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The Peoria, IL-based not-for-profit catholic health system OSF HealthCare has started notifying 53,907 patients about a cyberattack that was discovered on April 23, 2021.
OSF HealthCare said upon discovery of the breach, steps were taken to prevent further unauthorized access and a third-party forensic investigator was engaged to conduct an investigation into the attack to determine the extent of the breach. The investigator confirmed the attackers first accessed its systems on March 7, 2021 and access remained possible until April 23, 2021.
OSF HealthCare said the attackers accessed certain files on its system that related to patients of OSF HealthCare Little Company of Mary Medical Center and OSF HealthCare Saint Paul Medical Center. On August 24 it was determined the following types of patient data may have been compromised:
Names, contact information, dates of birth, Social Security numbers, driver’s license numbers, state/government ID numbers, treatment information, diagnosis information and codes, physician names, dates of service, hospital units, prescription information, medical record numbers, and Medicare/Medicaid or other health insurance information. A subset of patients also had financial account information, credit/debit card information or credentials for an online financial account exposed.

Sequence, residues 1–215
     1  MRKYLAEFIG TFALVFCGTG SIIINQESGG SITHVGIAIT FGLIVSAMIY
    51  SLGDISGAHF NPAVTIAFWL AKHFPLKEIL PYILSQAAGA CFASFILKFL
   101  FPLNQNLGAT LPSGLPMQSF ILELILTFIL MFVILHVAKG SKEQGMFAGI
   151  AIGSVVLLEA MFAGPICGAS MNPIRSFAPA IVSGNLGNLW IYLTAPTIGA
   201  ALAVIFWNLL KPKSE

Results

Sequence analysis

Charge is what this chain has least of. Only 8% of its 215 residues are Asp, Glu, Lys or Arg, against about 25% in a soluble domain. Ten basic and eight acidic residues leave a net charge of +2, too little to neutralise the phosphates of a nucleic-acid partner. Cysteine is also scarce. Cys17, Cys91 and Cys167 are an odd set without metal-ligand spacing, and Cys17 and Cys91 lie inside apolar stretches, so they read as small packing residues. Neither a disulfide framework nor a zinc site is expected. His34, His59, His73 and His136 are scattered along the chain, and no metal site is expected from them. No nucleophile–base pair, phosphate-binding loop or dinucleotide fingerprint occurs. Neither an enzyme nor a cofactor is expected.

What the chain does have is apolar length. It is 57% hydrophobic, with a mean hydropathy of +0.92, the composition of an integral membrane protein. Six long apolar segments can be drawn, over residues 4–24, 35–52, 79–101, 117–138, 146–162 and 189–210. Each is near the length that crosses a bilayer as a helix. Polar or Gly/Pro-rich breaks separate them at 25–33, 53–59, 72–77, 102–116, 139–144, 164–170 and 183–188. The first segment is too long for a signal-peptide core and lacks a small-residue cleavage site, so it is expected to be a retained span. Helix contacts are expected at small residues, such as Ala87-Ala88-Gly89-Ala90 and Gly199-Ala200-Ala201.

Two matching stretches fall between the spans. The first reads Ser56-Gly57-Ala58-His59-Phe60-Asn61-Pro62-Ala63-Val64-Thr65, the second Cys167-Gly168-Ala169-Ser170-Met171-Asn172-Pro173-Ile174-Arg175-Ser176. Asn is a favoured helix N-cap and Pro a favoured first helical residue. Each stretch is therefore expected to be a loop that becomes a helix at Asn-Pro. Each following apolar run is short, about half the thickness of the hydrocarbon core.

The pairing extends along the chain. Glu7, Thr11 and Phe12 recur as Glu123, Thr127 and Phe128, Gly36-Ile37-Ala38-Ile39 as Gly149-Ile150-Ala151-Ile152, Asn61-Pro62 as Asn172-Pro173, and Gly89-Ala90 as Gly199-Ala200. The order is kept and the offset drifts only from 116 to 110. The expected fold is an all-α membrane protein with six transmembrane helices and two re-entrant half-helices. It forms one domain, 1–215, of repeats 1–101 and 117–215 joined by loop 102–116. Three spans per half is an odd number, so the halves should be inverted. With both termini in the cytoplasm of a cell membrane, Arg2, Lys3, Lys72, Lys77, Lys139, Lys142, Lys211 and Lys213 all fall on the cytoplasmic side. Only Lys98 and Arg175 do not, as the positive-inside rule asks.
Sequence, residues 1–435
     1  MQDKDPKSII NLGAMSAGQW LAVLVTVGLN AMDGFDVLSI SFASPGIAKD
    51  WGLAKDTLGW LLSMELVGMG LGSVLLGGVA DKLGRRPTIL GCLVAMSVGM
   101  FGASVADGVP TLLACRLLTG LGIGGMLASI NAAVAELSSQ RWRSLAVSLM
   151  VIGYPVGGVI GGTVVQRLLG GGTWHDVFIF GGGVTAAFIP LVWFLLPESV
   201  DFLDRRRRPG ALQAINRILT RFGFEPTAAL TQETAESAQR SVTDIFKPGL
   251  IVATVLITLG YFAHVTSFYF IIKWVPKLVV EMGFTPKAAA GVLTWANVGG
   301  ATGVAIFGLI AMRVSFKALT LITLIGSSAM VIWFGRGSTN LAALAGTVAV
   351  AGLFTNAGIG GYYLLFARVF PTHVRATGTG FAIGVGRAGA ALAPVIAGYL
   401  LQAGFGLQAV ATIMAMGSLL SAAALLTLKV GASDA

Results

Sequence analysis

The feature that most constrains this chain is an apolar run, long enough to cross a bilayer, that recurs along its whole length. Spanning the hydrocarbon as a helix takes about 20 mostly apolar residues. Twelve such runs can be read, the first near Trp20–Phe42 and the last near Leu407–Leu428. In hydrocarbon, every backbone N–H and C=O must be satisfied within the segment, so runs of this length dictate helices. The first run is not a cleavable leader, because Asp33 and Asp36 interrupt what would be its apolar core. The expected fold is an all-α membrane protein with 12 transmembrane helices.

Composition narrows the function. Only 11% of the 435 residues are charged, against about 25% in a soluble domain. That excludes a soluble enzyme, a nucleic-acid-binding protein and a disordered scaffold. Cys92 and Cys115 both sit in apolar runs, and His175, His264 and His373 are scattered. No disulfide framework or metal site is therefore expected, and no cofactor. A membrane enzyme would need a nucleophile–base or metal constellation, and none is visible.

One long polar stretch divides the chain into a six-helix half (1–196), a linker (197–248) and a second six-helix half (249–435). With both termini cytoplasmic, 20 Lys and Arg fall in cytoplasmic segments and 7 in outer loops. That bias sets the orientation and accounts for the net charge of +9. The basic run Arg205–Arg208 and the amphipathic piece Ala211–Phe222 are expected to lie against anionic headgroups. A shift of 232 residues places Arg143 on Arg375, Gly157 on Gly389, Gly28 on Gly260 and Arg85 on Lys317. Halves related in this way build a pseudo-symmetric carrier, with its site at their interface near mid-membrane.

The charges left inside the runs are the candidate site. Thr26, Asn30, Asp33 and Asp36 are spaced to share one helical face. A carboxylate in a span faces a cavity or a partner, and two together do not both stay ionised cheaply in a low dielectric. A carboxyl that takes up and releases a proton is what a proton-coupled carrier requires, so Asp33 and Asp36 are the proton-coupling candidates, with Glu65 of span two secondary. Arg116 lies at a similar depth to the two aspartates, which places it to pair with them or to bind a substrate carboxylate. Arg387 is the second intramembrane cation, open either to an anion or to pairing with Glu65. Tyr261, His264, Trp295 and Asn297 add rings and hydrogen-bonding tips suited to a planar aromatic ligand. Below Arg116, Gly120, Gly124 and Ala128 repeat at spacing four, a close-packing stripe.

Individuals whose Social Security number or driver’s license number was compromised in the attack have been offered complimentary credit monitoring and identity protection services through Experian. OSF HealthCare says it has implemented additional safeguards and technical security measures to prevent further attacks.
The substitute breach notice on the OSF HealthCare website makes no mention of the nature of the attack, but this appears to have been a ransomware attack involving data theft, with data potentially stolen 7 months ago.
Databreaches.net says it was alerted to the publication of stolen data on a dark web leak site in June and notified OSF HealthCare about the exposure of patient data. A ransomware operation known as Xing Team claimed responsibility for the attack and uploaded data to its dark web leak site that included patients’ protected health information. Databreaches.net said “according to a counter on the site, the listing has been accessed more than 350,000 times.”